MALONE — A Massena man accused of trying to kill police officers during a 2010 standoff will likely never face trial.
Michael J. Nelson, 38, was indicted on 13 counts, including attempted murder, attempted assault on a police officer and burglary, following a six-hour standoff in the Town of Brandon on Sept. 16, 2010.
He had allegedly led troopers on a chase from the St. Regis Mohawk Indian Reservation to Walkerville Road, where he apparently broke into a camp, fired shots at the owner’s relatives and refused to surrender to police.
Several hours later, Nelson was shot in the shoulder when he allegedly aimed a .22-caliber rifle at two State Police officers.
He was initially found to be incompetent to stand trial in 2011 but was re-evaluated in April and found to be improved enough to assist in his own defense because he was taking anti-psychotic drugs.
During the past year, as Nelson was in Franklin County Jail awaiting trial, his condition worsened, and he was sent to the Central New York Psychiatric Center in Marcy for treatment, said Sheriff Kevin Mulverhill.
Nelson improved while there and was returned to the jail but again deteriorated a few months later and went back to Marcy, the sheriff said.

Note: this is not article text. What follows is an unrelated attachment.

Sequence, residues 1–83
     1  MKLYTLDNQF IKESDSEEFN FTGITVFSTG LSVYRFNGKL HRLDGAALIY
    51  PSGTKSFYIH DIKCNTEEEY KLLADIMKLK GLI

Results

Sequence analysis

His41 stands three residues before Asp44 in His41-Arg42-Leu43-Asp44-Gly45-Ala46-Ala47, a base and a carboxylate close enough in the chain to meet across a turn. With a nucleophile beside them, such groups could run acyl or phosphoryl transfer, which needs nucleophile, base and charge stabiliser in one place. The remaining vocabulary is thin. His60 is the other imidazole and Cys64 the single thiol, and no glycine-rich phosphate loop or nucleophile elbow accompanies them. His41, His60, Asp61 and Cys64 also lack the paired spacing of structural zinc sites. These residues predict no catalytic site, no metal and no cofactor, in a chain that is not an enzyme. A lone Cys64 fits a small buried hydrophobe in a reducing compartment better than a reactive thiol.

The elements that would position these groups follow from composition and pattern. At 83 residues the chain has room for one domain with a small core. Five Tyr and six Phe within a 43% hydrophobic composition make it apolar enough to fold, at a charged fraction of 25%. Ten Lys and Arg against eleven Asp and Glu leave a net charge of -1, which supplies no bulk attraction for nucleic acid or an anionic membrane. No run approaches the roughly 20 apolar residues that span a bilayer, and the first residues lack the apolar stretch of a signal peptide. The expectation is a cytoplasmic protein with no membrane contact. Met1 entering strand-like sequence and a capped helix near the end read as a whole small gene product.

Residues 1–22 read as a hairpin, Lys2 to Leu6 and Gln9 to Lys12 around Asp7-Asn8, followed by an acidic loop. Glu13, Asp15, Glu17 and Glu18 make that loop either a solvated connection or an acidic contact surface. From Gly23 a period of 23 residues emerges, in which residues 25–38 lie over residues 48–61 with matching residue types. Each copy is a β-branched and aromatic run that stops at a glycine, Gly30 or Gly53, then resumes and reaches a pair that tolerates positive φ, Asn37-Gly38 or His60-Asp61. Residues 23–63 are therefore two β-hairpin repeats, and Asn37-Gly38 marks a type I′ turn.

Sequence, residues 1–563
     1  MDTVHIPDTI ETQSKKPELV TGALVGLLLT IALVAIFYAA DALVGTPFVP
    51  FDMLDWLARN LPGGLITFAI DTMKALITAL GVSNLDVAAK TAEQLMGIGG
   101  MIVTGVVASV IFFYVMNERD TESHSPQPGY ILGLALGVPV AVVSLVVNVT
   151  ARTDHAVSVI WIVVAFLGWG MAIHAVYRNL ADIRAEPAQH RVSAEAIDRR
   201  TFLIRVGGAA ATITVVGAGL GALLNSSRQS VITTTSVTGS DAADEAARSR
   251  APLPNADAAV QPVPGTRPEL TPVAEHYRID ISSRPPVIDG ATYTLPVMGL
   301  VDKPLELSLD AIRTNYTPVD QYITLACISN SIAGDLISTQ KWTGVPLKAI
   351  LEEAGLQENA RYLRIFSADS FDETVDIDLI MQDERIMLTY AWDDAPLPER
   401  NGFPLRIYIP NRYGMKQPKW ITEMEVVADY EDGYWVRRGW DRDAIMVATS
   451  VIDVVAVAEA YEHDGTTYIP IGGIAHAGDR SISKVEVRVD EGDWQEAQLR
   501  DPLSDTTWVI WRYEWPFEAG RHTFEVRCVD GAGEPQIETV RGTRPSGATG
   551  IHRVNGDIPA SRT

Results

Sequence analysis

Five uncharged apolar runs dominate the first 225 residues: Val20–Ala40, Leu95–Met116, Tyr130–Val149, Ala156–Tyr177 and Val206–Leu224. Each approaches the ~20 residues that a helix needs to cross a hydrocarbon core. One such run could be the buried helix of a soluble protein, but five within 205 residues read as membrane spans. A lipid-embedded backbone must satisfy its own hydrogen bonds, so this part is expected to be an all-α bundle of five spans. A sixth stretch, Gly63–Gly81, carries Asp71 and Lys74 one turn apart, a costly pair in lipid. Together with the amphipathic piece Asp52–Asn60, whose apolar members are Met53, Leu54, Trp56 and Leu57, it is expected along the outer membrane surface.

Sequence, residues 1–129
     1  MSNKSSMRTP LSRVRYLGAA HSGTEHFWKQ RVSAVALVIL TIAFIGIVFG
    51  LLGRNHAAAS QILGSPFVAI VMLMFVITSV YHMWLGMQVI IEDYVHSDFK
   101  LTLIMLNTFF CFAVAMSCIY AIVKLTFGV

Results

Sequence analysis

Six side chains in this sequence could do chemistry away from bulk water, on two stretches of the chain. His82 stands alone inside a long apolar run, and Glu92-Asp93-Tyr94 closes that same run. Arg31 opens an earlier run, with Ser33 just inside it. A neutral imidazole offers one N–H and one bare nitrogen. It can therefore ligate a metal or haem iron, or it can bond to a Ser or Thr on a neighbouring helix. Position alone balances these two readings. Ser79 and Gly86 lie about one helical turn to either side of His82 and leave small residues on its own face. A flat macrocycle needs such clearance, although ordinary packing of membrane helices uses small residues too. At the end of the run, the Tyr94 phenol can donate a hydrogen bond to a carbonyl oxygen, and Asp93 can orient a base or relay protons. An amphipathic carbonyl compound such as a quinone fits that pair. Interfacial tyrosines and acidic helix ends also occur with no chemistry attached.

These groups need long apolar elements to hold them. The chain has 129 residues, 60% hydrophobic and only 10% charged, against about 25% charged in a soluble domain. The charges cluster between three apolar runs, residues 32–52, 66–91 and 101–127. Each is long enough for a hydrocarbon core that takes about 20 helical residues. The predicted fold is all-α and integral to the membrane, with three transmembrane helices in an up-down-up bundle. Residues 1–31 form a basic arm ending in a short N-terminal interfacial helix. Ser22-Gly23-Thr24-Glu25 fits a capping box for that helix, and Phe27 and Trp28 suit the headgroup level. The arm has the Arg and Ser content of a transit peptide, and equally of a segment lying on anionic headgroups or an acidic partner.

Mulverhill notified District Attorney Derek Champagne in mid-July that officials at the Psychiatric Center reported Nelson “was not getting better, despite medications, and that the prognosis was he’s not getting better,” the DA said.
“Nelson was taken off the court calendar since he is not getting better, and there is a procedure to request a civil confinement.”
The director of County Public Health has to request a civil-confinement proceeding, where a hearing is held in the county in which the person is living, which is Oneida County now, he said.
Depending on the findings, Nelson can be held for six months.
The case is reviewed again, and if he hasn’t improved, he can be confined for a year. After that, his case is re-examined every two years.
“My impression is that it looks like he will be confined indefinitely and will not be able to get well and be eligible to withstand trial,” Champagne said.
“The best place for him is where he is now.”
Resolving the case may bring an added sense of closure for the troopers involved in the standoff.
“Most officers realized and appreciated that he was under mental duress at the time of the crime,” the DA said. “At one point, he was on the phone with 911 dispatchers and asked to speak to the State Police.
“He asked them to help him because the Spanish Armada was invading his camp,” Champagne said.
“There were a lot of red flags that day, and there was no doubt at the commission of the crime he was under mental duress and not criminally responsible.”
Email Denise A. Raymo: email@example.com